The Lunch-Box Chronicles
Child Magazine Best Parenting Book of 1998;
Developed by CBS/Universal Studios for t.v. pilot.
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The first page...
In school portraits tacked over my desk, you can see them at seven
and five: Captain America and his little brother, The Refugee. Hayes
makes a smirky Captain in his blue Cub Scout uniform and shiny helmet
of hair, arms folded statesmanlike on the desk before him. Poor
Vincent could qualify for social services on the basis of this
photograph alone, I fear, eyelids half-mast, face covered with boo-boos, one ear blending with some books on a shelf in the background
so that it looks outsized and deformed, like a leaf of radicchio.
How is that these school mug shots can turn the most photogenic
little angel into a sickly goon who seems to be smiling despite the
matchsticks wedged under his fingernails? And then the prices! I'll
take the Bargain Bonanza Package for forty-five bucks, of course.
Couldn't pass up those two dozen bonus wallets.
"Dear Mom," says an old Mothers' Day letter, posted beside the
photos, written in shaky, fresh-minted cursive handwriting on a piece
of blue-lined paper. "I really like when you take me to the movies.
You are special because you cook what I like. I want to help you
clean the house. I really like how you smile. I have a surprise for
you. Love, Hayes."
He wanted to help me clean the house? That was surprise enough.
Another missive is pencilled on a bunny cut out from yellow
construction paper: "Dear Mom. I love you Mom. Happy Spring Break
Mom. When can Will come over."
Vincie, who doesn't write letters yet, is represented by artwork – a
crayoned depiction of a Martian and his pet shark, living in a castle
full of fax machines and Nintendo controllers; another sheet printed
all over with a rubber stamp of Vincent Winik's return address, some
wobbly pink hearts, two figures with big smiles and bifurcated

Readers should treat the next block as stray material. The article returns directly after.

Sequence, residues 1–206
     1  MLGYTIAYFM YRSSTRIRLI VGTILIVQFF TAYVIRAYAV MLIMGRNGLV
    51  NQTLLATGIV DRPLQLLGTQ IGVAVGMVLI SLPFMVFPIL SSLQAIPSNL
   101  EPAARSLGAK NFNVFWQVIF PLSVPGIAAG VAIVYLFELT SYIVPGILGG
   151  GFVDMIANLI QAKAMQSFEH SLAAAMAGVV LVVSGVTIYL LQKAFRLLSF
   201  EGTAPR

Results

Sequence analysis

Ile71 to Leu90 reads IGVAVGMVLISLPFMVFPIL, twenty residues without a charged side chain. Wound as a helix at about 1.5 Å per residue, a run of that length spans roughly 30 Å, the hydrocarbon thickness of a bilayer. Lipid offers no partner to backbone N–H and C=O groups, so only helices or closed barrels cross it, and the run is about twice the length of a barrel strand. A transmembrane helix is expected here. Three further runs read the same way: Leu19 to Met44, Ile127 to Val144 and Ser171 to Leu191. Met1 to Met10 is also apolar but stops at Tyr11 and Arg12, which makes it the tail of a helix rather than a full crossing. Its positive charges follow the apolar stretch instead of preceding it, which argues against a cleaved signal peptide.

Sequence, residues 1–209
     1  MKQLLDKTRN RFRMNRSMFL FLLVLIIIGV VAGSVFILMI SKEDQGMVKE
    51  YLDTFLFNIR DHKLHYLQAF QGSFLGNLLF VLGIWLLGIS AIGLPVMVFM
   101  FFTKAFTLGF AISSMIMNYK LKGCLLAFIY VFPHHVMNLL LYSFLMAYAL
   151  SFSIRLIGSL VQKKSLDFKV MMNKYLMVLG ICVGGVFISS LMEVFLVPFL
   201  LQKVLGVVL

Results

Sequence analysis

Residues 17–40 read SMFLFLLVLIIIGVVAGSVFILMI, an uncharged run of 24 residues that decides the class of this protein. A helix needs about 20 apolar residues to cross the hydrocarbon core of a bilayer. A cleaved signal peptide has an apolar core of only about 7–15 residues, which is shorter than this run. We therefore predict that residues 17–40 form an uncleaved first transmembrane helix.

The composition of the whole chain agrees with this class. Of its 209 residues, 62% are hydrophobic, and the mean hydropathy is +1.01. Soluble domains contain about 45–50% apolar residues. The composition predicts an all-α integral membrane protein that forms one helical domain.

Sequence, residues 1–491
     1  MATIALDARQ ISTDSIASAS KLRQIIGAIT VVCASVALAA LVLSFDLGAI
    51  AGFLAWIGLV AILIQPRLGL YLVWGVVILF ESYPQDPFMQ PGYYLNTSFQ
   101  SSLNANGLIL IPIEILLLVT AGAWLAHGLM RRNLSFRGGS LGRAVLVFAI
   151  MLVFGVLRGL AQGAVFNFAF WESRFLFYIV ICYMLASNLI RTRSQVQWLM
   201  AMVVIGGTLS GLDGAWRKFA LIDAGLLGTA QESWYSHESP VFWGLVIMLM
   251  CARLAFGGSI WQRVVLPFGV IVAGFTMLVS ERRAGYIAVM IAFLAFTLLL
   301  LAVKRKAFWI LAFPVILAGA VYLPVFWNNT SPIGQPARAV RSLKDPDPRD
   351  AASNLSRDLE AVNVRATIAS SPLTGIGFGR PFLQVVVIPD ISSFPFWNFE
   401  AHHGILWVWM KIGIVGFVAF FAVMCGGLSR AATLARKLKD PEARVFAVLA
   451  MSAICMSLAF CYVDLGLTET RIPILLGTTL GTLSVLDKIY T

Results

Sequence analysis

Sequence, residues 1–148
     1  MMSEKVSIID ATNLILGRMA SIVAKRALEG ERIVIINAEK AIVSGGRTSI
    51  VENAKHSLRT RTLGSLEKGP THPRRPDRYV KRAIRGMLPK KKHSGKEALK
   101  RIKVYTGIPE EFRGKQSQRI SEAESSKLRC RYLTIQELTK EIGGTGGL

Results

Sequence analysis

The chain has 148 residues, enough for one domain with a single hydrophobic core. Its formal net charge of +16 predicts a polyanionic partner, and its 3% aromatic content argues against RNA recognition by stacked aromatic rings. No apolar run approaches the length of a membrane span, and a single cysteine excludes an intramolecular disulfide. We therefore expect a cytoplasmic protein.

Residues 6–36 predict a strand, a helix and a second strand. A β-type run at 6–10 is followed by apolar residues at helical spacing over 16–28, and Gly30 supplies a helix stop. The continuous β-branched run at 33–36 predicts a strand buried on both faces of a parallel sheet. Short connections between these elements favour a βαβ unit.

flippers for arms, and one word: MOM.
Some days – like maybe three out of a hundred – I am just so busy
riding a tsunami of productivity in this home office of mine, I wish
I didn't have to drop everything at 2:40 in the afternoon to go pick
up my little pals at school. Far more likely, I start checking the
clock at eleven, if not before, and count the minutes until it's time
to go. Not only because it means I get to escape the solitude of the
so-called creative process for a few hours and resume my role as
household drudge, math tutor, and nuthouse warden, but because I
can't wait to see them, to re-possess them, to get them back on my
territory, whole, healthy and breathing – in part, the same impulse
that used to drive me to check their baby cribs mid-nap. Of course,
this feeling of anticipation involves a bit of willful tiptoeing
around the possibility of The Awful Afternoon With The Devil Brats
From Hell, but hey, why not be optimistic.
I fly out the door and into the jeep and have to force myself to slow
down to 20 miles per hour as I reach the speed bumps and blinking
lights of SCHOOL ZONE. I pull into the circular drive of the brick
elementary school behind the minivans and Volvos and pick-up trucks,
and my personal favorite, the flower-power printed Volkswagen Beetle
that belongs to a local family doctor, reportedly equipped with a car
phone but no air conditioning.
On the bench under a live oak tree, a mom with a Keith Haring button
and black leggings is chatting amiably with a dad in a three-piece
suit. Baby brothers and sisters mill around as their mothers stand in
clusters, deconstructing last night's PTA meeting with the
earnestness of Harvard graduate students, and representatives from
various after-care programs stand ready with clipboards to gather up
their broods. I spy the fundraising co-ordinator and wander over to
find out when I'm scheduled to sell grocery certificates but am
waylaid en route by the soccer coach and the plant sale chairwoman.
BRYKER WOODS ELEMENTARY, says my mental bumper sticker for this
place. WHERE PARENT INVOLVEMENT IS A SICKNESS.
Excerpted from The Lunch-Box Chronicles, Marion Winik (Vintage Books, 1991). Reprinted with permission of the author.